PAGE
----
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Head of delegates prepares for a meeting on the last day of the G20 finance ministers and central bank governors meeting in Jakarta on 18 February 2022.

Head of delegates prepares for a meeting on the last day of the G20 finance ministers and central bank governors meeting in Jakarta on 18 February 2022. (MAST IRHAM)

Tribune News Service — Finance chiefs from the world’s biggest economies lined up to blame Russia for the global inflation wave and sharply deteriorating growth outlook.

While many blame policy makers for failing to spot the inflation surge they’re now fighting and contributing to it with easy money, U.S. Treasury Secretary Janet Yellen set the tone early at the gathering in Bali, Indonesia, saying the Putin regime had used food “as a weapon of war.”

She said that its actions have prompted “a global crisis of food insecurity as prices spiked for food, fertilizer, and fuel.” Half of the run-up in U.S. inflation was due to energy costs, for which Russia bore the blame, she said.

Officials from America’s closest allies followed that script: Canadian Finance Minister Chrystia Freeland pinned her own country’s four-decade-high inflation on Russia, Australian Treasurer Jim Chalmers said Russia’s “illegal and immoral” actions were a major obstacle to G-20 progress and Japan’s Finance Minister Shunichi Suzuki said all responsibility for the war lies with Russia.

The finance ministers and central bank governors left Bali with no communique on how to resolve the many agenda items — inflation, supply chains, recession risks, debt, food security, and climate change among them. The lesser-valued and briefer chairman’s summary noted incremental progress on food and energy relief, such as through a tentative emergency fund.

“Many members agreed that the recovery of the global economy has slowed and is facing a major setback as a result of Russia’s war against Ukraine, which was strongly condemned, and called for an end to the war,” the concluding statement noted. “One member expressed the view that the sanctions are adding to existing challenges.”

The focus on Russia as the source of global inflationary woes didn’t translate to much actionable agreement on what to do about it. Yellen’s pitch for an oil-price cap gained little traction and European allies are perhaps ready to launch the experiment alone with the US.

Tax setback

In a blow to the credibility of such gatherings, a rare achievement for a recent meeting — last year’s U.S.-led global tax deal for a corporate minimum rate — met a fresh hurdle in Washington as a member of President Joe Biden’s own party rejected several of the administration’s tax and climate proposals.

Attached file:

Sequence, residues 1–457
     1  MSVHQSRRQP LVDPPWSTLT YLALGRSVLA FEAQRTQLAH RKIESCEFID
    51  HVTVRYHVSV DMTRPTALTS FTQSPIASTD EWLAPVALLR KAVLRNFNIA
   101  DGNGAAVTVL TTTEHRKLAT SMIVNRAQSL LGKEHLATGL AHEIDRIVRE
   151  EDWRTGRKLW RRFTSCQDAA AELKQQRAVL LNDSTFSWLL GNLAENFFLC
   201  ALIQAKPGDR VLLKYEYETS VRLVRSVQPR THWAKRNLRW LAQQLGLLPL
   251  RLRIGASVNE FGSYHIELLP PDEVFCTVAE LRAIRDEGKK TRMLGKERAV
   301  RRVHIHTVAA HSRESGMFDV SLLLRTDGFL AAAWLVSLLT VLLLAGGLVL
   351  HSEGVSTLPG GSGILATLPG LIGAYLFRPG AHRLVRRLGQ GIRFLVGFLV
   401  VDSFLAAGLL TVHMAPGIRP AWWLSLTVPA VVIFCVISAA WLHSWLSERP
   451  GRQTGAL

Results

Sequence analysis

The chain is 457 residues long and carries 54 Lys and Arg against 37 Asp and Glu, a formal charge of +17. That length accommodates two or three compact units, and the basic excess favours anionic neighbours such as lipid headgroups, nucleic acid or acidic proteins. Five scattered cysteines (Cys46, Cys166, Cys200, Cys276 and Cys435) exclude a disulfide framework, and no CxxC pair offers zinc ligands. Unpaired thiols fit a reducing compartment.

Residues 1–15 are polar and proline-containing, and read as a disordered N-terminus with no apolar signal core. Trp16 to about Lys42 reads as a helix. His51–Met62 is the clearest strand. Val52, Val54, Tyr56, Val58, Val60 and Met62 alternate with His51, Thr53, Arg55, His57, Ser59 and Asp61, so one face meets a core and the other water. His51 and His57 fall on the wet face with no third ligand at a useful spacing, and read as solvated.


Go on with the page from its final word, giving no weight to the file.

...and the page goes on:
The Russia blame game meant there was less attention to how each economy’s finance ministers and central bankers own actions have contributed to the current global situation. The International Monetary Fund’s director for strategy, policy and review, Ceyla Pazarbasioglu, listed a wider range of challenges as she flagged that the global growth outlook will be cut “substantially” in the fund’s next update.

Surging food and energy prices, slowing capital flows to emerging markets, the ongoing pandemic and a slowdown in China make it “much more challenging” for policymakers, Pazarbasioglu said at a Sunday panel in Bali. “It’s shock after shock after shock which are really hitting the global economy.”

In an interview with Bloomberg News a day earlier, IMF Managing Director Kristalina Georgieva cautioned that governments must be careful to not work against their monetary authorities.

“Monetary policy has to tighten but fiscal policy has to pay attention to the impact of inflation on vulnerable populations and on businesses, making sure that these two levers do not clash” with blanket fiscal spending that drives up prices even more. Central bankers were less vocal than their finance chief colleagues at the meetings. Some, like Singapore and the Philippines, attended virtually as they oversaw unscheduled decisions at home to tighten conditions as global monetary mandarins scramble to rein in surging inflation.

“The path to a soft landing is narrowing; we think it is still a feasible path but certainly not a very easy one,” said Hyun Song Shin, head of research at the Bank for International Settlements, at the Sunday panel. “Where central banks take monetary policy in a rapid and decisive manner and have a front-loaded response to inflation, that is more conducive to a soft landing.”

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©2022 Bloomberg L.P. Visit bloomberg.com. Distributed by Tribune Content Agency, LLC.


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